Passion, perseverance and, yes, a little bit of fear, are what's fueling the white-hot women entrepreneur startup trend in New Jersey, according to many participants and attendees of pf the recent Montclair State University's Women Entrepreneurship Week event.
The two-day conference featured myriad panels and discussions as well as considerable networking among students, entrepreneurs and successful C-suite leaders. In fact, Montclair’s celebration of women entrepreneurs was one of several held at universities around the state to bring attention to the growing number of women-owned businesses here.
“This is an exceptionally exciting time to be a woman in business,” said artist and entrepreneur Consuelo Vanderbilt Costin. As a member of the “From Kitchen Table to CEO” panel, Costin told the audience: “Women are more sensitive and prone to show our feelings than men, but we have the same dreams. If we have to fight to be heard, we will do just that.”
The panel’s speakers agreed that, often, they have found themselves in a position to prove themselves in what they consider to be a man’s business world, even in 2017.
“Ginger Rogers was right. Women do everything backwards and in heels,” said Logan Cohen, co-founder and co-CEO of KUDZOO, an educational software company. “Men are judged on potential. Women are judged on how much traction they can achieve. If women are more passionate, so be it, because passion is critical to our success.”
Is passion a bad thing? According to these panel participants, the answer is “no way.”
“All of your passions are a part of you,” Costin said. “If you have many different passions, you can bring them all to the table. If you allocate your time properly, you can bring everything together.”
Mindy Scheier, president and founder of Runway of Dreams Foundation, a company that sells adaptive clothing for children and adults, said she believes wholeheartedly that women are driven by their passion and emotions.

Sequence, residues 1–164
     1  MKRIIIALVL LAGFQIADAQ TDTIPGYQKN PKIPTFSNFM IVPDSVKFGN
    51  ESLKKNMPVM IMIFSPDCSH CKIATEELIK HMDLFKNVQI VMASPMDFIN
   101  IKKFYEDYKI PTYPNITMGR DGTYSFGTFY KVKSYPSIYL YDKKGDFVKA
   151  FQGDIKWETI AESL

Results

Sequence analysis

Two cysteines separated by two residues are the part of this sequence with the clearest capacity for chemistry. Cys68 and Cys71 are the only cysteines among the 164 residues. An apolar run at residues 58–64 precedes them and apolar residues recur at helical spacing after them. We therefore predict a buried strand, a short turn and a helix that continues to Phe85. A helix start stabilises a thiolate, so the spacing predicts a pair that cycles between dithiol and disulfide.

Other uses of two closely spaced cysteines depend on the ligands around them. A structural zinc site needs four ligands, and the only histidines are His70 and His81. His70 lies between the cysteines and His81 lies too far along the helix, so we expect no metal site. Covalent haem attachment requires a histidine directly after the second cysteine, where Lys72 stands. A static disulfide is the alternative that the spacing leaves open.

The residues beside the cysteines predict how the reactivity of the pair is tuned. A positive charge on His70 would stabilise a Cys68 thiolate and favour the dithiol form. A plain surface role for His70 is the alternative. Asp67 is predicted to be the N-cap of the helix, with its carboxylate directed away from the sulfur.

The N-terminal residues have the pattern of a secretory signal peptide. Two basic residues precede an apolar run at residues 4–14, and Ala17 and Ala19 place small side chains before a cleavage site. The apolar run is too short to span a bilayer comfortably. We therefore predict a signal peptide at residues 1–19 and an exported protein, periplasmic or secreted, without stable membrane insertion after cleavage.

“Being emotional in business is often seen as a negative, but I couldn’t disagree more,” she said. “Look at all the women who are driven to success by their emotions.”
“Of course, sometimes it can be scary. I’m scared of not meeting expectations,” Scheier said. “But that fear keeps me on track; it keeps me going. If you tell me `no,’ I’m going to make it happen. In fact, I’ll make it happen 10 times over.”
KJ Miller is the co-founder of Mented Cosmetics. The company is inventing a line of cosmetics for women of color, products -- oddly enough considering the expanse of the market -- that don’t already exist. Not only is Miller an entrepreneur, she is a pioneer.
“I had to learn to do things for myself. I ordered moulds, wax and colors. I taught myself how to make lipstick on Youtube. I went out to Happy Hours looking for real women of color to test my products and get feedback,” Miller said.
Hers is a truly grassroots story. Miller gathered the data, sent out samples of the product, tweaked the recipe, managed marketing and more. “We started in the kitchen because we had no other choice. We knew we had a great idea but makeup manufacturers require large lot buys with standard colors. We had to start from scratch, on our own.”
Miller said she kept on keeping on, even when things weren’t going her way. She kept repeating “just do it” to herself.
Scheier said that was indicative of the way female entrepreneurs work. “One of the most interesting things about being an entrepreneur is how much you learn about yourself that you really didn’t know before,” she said. “You learn your strengths and weaknesses. You learn how to work with others. And sometimes you learn that it’s best to go it alone.”
On the other hand, some women find working with a partner to be empowering and successful. Cohen is one of them. “First off, know your own value add. What do you bring to the table? When different people with different backgrounds come together, the business can be ultimately stronger. But you can’t just pick anyone to start a business with. Pick someone with complementary strengths,” she said.
Miller laughed: “Yes, and make sure it’s someone you can argue with respectfully!”
How do you know when it’s time to walk away from a business, asked moderator Tracy Day, CEO of World Science Festival.
“There is nothing in the world I’d rather be doing than my business,” Miller said. “But if you find you want to stop giving your company 100 percent, it may be time to get out.”
Scheier agreed. “Your dream may change. There’s nothing wrong with that. Stop what you are doing and start something new. Make room for yourself to focus on a new path.”